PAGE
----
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So, I had a checkup at the doctor's office today. Cholesterol's borderline, lose a few pounds, blah blah blah.

It's a new doctor, my old doctor moved on to other things. I'm filling out a new questionaire and a couple of things caught my eye:

1) Do you wear a seatbelt? Yes/No
Well, I selected no. My bike doesn't come with a seatbelt.

2) Do you own a firearm? Is it secure?
I left this one blank. I'm trying to see both sides of this, but I can't justify the question. I don't go around telling people I own a firearm, you know? Anybody run into this before, and how did you handle it?
 

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I don't think it is anybody's business (in the medical field) if you own a firearm or not. I would be asking why they want to know, and how it pertains to my health.

I believe I would tell them that my hand gun is always secure. It is securely placed on the shelf in my closet, or securely tucked behind the seat of my truck, or securely placed in the palm of my hand. Don't worry about it.
 

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I really don't see sharing the knowledge, with just anyone, that I have firearms in the house. It's just not his business. Guess a shrink could justify the question, if you're a bit off your rocker, but I can't justify telling a GP about having guns. If you're in my neighborhood, then I can't hide it. The squad in the drive is a dead give away. However, I see no reason to notify any Tom, Dick & Harry, in writing, that I have a few guns. Who has access to that info? It may be a deterrent in some cases, but I can also see where it could be an invitation for someone to break in when we aren't home. I always wear a seatbelt when driving a car/truck but the bike is a laugh! Like many others, my office is a car and the seatbelt is an automatic thing. But, what purpose does the MD have in asking the question? I think I'd leave them both blank. Not relevant to the visit, and not his/her concern... Enough of Big Brother!
 

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It is none of their business and was in the news yesterday that under Obamacare, physicians will be required to ask you how often you have sex, and with whom. I answer no questions about what guns I own or where they might be kept.
 

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Sex?

It is none of their business and was in the news yesterday that under Obamacare, physicians will be required to ask you how often you have sex, and with whom. I answer no questions about what guns I own or where they might be kept.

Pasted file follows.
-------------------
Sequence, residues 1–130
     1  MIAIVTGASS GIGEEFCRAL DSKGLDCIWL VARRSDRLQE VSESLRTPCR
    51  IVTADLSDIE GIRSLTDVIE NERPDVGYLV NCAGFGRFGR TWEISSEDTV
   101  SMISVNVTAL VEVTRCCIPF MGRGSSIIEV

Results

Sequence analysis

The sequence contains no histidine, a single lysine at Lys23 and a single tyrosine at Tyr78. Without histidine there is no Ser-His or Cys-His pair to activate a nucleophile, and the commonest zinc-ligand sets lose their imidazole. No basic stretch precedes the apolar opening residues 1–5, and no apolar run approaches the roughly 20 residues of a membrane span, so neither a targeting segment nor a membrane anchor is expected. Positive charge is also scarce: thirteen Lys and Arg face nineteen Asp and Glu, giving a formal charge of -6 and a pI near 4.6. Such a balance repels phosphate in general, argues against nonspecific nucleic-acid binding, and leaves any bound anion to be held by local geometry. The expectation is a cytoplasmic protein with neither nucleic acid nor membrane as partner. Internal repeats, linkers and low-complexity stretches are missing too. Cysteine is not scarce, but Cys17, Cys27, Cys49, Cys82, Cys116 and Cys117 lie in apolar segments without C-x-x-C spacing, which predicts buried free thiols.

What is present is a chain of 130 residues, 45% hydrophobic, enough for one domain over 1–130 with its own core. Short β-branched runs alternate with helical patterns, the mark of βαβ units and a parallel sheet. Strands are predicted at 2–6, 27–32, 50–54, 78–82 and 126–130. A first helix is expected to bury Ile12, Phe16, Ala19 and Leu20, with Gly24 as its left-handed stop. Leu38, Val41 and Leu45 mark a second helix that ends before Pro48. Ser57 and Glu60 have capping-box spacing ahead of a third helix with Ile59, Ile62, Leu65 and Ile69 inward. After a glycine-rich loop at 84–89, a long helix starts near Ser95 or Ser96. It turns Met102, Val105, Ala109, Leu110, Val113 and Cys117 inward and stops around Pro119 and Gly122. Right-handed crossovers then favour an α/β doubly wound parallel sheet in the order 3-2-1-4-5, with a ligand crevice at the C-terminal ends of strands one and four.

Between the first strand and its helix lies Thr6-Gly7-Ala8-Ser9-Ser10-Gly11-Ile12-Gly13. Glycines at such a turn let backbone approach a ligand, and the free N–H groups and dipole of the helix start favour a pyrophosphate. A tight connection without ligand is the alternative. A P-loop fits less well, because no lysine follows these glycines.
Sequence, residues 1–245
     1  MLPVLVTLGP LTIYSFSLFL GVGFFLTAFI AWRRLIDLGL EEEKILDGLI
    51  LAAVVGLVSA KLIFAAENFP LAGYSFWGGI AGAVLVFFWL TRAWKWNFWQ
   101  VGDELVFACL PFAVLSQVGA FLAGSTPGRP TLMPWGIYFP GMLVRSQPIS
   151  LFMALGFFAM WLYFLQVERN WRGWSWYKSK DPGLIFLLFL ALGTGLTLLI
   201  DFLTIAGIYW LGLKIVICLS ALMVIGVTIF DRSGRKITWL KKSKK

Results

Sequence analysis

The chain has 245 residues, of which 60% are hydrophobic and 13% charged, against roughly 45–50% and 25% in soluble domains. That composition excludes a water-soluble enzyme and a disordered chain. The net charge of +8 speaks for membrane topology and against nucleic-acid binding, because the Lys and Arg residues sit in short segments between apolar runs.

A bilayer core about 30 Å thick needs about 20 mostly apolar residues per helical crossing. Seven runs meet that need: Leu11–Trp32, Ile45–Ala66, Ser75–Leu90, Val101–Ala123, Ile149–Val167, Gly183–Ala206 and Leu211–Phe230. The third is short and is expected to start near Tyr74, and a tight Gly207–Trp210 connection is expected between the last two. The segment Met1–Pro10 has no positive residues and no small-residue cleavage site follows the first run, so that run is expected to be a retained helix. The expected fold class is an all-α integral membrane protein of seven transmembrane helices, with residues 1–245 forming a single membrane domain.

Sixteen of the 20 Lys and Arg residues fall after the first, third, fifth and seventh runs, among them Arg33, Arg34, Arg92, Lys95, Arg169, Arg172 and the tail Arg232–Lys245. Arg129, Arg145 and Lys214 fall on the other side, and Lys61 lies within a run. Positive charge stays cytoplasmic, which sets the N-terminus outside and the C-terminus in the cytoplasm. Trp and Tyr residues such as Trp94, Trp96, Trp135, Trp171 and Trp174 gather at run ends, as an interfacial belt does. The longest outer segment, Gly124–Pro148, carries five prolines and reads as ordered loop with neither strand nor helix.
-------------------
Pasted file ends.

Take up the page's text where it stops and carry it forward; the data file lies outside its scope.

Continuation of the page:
Yeah, right. Like everyone is going to answer that, and tell the truth. Again, none of their damn business!
 

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Kinda sounds like a general questionnaire more for someone else than the GP, if they really don't need the info they the only reason they would ask is because someone else is paying them to ask. I think the same could be applied to both the seatbelt and firearm question. I have run across the seatbelt question a few times, mostly related to car/life insurance. Can't say I remember seeing the firearm question before.
 

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Y'know, some folks are intimidated with authority figures and probably will answer the stupid questions.
Probably so but medical professionals are not "Authoritative" people in my eyes. I go to them when I have a problem and they offer me suggestions on what to do about my health. I will not go to jail for not taking my antibiotics at the exact time I am supposed to. I mean I am a reasonable person, and if something does not make sense to me, I am going to ask. If they do not give me a good reason (in my eyes) why, then I will refuse to answer.
 

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Discussion Starter #9
Another thing I noticed, and this struck me as interesting - the questionaire did not require a signature. There was, in fact, no place to sign it at all.

It gave me pause. The fact that I ride a motorcycle on the highway every day is probably way more relevant to my future health than the fact I may or may not own a firearm. I just can't understand the reason for the question. I should have asked, but I was in a rush to get to work on time. That, and I was curious if I was going to get pulled aside because I left the question blank.

At least there's a medical reason for asking about sex, how many partners, etc. If you're sexually active with multiple partners, I'm sure the doctor will make a habit of running tests for common STD's along with whatever blood tests they normally run.
 

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My buddy just posted something similar not long ago. He went to the Doctors office and was asked the same thing. Thought it was strange. You could argue, perhaps, an increased risk of injury. But; what of that is a concern for your primary care physician?

I don't think I'd answer it either.
 

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Kinda sounds like information they would want for an insurance actuary.

I would say it's either related to O-care; to be tallied and used later for the approval process to get services.

Or some vendor or research group that's giving the doctor free supplies.
Have you ever noticed that 5 out of 6 dentists recommend every brand of toothpaste on the market?
Fill out a questionnaire from Crest and get a three months supply of rubber gloves and some drool bibs.

Whatever it is, I wouldn't answer it.
Netflix started sending me emails and popups when I log on asking who is watching which shows.
I ignore the emails and tell the popup that I watched SpongeBob, Steel Magnolias & The Outlaw Jose Wales. I'm eclectic that way.

Scott
 

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My buddy just posted something similar not long ago. He went to the Doctors office and was asked the same thing. Thought it was strange. You could argue, perhaps, an increased risk of injury. But; what of that is a concern for your primary care physician?

I don't think I'd answer it either.
I see where you are going with that, but would that not be more reasonable (I still don't think it is) for your insurance company to be asking that, not the doctors. I know insurances are getting more and more out there with the questions they ask to calculate a premium.
 

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Kinda sounds like information they would want for an insurance actuary.

I would say it's either related to O-care; to be tallied and used later for the approval process to get services.

Or some vendor or research group that's giving the doctor free supplies.